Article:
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Rahm Emanuel: City to build boathouses on Chicago River

 Mayor Rahm Emanuel joined by United States Environmental ProtectiAgency (EPA) Administrator LisP. Jacksmark Chicago River as city’s next recreational

Mayor Rahm Emanuel, joined by United States Environmental Protection Agency (EPA) Administrator Lisa P. Jackson to mark the Chicago River as the city’s next recreational frontier and announce the administration’s commitment to constructing four new boathouses along the river as anchors of future development at Ping Tom Park. | Brian Jackson~Sun-Times

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Updated: November 10, 2011 1:04PM

Mayor Rahm Emanuel on Monday unveiled a $16 million plan to build four new boathouses along the Chicago River — complete with canoe, kayak and bicycle rentals — to make the river as pivotal to recreation as it has been for commerce.

The four new boathouses will be located at: River Park, Clark Park, Ping Tom Park and on Eleanor between Loomis and Fuller.

The sites were chosen to coincide with improvements already in the works to extend trails and improve riverfront access.

The cost of each boathouse is pegged at $4 million. Half of the money will come from the Chicago Park District capital budget. The other half will come from private sector donations.

“The truth is, because of our lake, we’ve only thought of it as our front yard. I now want to turn our attention to our backyard and have that same vision [for] neighborhoods that don’t have a front yard just on the lake,” Emanuel told a news conference at a soon-to-be expanded Ping Tom Park, 300 W. 19th St.

“I want that river to be for all of us what the lake has been. ... Today, we’re taking that first essential big step toward doing that. ... We’re about to make the river as important to our residents as it has been to our industry and commerce.”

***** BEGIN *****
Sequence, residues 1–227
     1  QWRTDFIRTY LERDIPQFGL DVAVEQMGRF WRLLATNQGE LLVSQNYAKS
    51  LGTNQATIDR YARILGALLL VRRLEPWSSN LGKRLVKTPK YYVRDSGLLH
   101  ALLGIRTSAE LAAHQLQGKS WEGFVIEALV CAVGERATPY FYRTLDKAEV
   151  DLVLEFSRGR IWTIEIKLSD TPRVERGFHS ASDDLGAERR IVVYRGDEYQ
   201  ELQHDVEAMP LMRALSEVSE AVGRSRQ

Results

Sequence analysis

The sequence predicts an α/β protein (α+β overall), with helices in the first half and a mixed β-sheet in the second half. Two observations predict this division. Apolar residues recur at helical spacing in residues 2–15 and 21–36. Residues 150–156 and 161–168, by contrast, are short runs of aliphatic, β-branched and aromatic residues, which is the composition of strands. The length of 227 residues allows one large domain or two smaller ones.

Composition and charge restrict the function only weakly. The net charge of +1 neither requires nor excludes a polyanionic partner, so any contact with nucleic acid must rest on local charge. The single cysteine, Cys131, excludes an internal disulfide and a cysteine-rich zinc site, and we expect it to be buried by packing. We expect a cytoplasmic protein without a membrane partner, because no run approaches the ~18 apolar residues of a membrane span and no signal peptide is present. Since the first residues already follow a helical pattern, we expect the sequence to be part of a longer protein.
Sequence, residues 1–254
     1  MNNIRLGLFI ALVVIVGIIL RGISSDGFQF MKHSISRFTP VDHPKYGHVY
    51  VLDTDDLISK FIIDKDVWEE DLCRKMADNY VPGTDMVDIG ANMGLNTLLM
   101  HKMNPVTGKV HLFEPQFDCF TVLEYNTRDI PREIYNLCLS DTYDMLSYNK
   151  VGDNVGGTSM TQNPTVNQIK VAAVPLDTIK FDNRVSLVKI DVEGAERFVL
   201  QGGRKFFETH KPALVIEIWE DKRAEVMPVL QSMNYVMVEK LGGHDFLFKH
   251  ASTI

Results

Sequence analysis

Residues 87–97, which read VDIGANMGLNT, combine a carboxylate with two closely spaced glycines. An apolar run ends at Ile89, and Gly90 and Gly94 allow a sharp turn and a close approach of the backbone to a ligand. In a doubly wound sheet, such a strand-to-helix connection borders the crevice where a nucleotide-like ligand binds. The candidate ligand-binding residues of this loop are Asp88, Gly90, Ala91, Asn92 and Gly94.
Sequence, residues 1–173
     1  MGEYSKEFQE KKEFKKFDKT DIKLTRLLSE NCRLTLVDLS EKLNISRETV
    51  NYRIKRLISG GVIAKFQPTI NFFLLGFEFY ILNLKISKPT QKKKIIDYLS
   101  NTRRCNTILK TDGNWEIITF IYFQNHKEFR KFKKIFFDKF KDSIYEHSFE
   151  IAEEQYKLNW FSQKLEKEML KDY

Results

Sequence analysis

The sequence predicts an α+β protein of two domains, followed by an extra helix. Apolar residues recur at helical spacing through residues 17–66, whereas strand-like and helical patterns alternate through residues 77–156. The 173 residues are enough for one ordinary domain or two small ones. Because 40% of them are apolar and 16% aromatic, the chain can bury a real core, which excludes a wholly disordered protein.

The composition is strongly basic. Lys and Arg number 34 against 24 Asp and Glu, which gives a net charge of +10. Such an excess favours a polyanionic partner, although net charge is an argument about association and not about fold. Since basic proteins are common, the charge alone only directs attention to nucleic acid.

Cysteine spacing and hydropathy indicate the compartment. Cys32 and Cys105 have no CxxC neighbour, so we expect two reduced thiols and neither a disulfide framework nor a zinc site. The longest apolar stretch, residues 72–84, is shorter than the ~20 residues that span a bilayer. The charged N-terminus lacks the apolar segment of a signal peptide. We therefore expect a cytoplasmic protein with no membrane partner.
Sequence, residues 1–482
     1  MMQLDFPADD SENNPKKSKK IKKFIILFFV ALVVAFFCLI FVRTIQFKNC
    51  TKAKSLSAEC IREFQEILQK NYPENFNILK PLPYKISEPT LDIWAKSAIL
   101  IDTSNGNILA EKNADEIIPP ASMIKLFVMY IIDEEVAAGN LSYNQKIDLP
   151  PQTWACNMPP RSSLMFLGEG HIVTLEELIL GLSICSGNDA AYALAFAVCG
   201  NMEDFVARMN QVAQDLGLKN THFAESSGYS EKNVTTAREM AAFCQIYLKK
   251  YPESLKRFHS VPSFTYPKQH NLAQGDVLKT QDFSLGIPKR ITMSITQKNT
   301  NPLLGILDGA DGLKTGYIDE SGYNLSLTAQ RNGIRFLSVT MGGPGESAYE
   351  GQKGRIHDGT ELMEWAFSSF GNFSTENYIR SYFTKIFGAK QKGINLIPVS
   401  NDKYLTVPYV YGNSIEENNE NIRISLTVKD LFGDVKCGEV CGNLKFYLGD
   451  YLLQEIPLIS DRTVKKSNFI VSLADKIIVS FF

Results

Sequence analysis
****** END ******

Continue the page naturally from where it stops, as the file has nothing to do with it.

The $16 million investment comes at a time when the Metropolitan Water Reclamation District is under fire to complete the Deep Tunnel project and disinfect wastewater dumped into the Chicago River.

Last year, former Mayor Richard M. Daley famously suggested that federal bureaucrats who want the Chicago River to someday be safe enough for swimming “Go swim in the Potomac.”

At the time, Daley argued that the federal government has “not been a great participant in cleaning rivers in America.” He accused the Obama administration of setting an even higher standard — at great cost — without the bucks to back it up.

On Monday, Emanuel stood at the riverfront with EPA administrator Lisa Jackson and put some not-so-subtle pressure on his former Washington colleague to contribute to the clean-up.

“The feds will be putting other resources into the river, and they’ll be coming back in a couple of weeks to do that. ... Do you need it to put boats on it? No, because people now participate. Will it improve and increase traffic? Absolutely,” the mayor said.

Jackson would only say, “We’re not done. In very short order, Mr. Mayor, I would like to come back” with more resources.

If, as expected, the boathouses precede the clean-up, canoers and kayakers just might be forced to follow the lead of high school teams such as St. Ignatius that already row in the Chicago River.

“When they fall in the river, sometimes they get a prophylactic antibiotic shot to deal with some of the contamination,” said Henry Henderson, director of Midwest programs for the Natural Resources Defense Council.

“You can get some significant infections in this river. … [But] you get the antibiotic before the manifestations hit you.”

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